Rituximab gained a European license to treat antineutrophil cytoplasmic antibody (ANCA)–associated vasculitides (AAV) just over a decade ago. Since then, it has slowly started to replace the use of cyclophosphamide and glucocorticoids, which were the preferred method up until then.
Part of the reason for this shift is the toxicity associated with cyclophosphamide, although that’s not to say that rituximab is free from safety concerns, Jayne said.
“Toxicity issues with rituximab, especially secondary immunodeficiency, more severe COVID, and blocking vaccine responses, are becoming bigger issues for day-to-day practice,” he noted. Nonetheless, “the introduction of rituximab has been a revolution in AAV treatment. It has encouraged pharma investment in the disease, such as recent approval of avacopan [Tavneos], and it is helping patients.”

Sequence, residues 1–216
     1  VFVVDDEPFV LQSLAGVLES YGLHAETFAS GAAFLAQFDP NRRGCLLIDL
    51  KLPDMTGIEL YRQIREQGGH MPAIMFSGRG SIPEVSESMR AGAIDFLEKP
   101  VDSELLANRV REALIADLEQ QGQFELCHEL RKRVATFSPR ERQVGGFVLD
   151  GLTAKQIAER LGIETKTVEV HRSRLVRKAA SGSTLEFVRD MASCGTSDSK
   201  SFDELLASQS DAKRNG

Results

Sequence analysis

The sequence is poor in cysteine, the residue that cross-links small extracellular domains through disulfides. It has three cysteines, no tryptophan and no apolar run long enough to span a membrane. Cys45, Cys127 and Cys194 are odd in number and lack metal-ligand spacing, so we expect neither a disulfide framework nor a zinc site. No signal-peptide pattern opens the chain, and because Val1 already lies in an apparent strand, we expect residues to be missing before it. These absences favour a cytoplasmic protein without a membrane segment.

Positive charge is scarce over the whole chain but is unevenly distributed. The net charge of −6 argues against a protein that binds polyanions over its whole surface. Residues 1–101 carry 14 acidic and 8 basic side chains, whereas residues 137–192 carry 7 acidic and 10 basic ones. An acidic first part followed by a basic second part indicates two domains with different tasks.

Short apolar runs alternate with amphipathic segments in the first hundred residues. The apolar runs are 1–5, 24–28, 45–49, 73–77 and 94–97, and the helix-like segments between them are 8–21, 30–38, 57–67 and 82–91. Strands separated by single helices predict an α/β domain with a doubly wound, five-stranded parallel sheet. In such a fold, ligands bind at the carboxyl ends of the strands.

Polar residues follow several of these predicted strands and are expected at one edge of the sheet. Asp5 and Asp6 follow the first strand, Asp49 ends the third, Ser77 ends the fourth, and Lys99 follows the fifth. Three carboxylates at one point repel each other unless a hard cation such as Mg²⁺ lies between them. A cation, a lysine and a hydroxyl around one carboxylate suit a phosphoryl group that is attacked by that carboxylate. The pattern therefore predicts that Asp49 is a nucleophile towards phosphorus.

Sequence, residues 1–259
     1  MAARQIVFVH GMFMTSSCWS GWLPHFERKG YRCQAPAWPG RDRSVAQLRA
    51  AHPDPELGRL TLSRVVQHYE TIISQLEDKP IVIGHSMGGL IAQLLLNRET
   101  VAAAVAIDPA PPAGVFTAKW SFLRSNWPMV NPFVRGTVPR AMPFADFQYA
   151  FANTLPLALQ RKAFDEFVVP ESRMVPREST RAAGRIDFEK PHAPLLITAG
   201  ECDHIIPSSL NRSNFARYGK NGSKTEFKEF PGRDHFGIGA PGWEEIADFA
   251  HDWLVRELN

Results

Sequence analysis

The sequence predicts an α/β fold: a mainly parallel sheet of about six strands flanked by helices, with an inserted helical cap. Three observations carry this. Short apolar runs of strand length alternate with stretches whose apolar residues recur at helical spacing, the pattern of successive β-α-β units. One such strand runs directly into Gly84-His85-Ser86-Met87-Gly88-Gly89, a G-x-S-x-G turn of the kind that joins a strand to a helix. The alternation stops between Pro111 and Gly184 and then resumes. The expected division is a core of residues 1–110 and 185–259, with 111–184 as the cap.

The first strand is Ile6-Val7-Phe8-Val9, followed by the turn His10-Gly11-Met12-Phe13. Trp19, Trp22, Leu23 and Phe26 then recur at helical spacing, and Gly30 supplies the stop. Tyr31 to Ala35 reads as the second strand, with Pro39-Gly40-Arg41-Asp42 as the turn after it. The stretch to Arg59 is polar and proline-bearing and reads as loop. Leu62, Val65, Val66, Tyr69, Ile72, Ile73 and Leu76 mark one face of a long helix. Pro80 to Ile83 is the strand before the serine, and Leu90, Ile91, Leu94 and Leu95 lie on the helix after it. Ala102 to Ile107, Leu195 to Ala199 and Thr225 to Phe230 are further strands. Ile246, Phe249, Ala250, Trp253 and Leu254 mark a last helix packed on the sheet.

Why Simulate and Not Perform a Randomized Trial?
There were several reasons for performing the current evaluation, study coauthor Benjamin Terrier, MD, PhD, said in an interview.
Dr Benjamin Terrier
“The pivotal study, published in 2010, that lead to the approval of rituximab was a noninferiority study in comparison with cyclophosphamide, but it included patients with both GPA, granulomatosis with polyangiitis, and MPA, microscopic polyangiitis,” explained Terrier, professor of internal medicine at the National Referral Center for Rare Systemic Autoimmune Diseases at Cochin Hospital in Paris.
“A post hoc analysis showed that, in the patients with a PR3 [proteinase 3]-ANCA and in the patients with relapsing disease, rituximab was superior,” he added.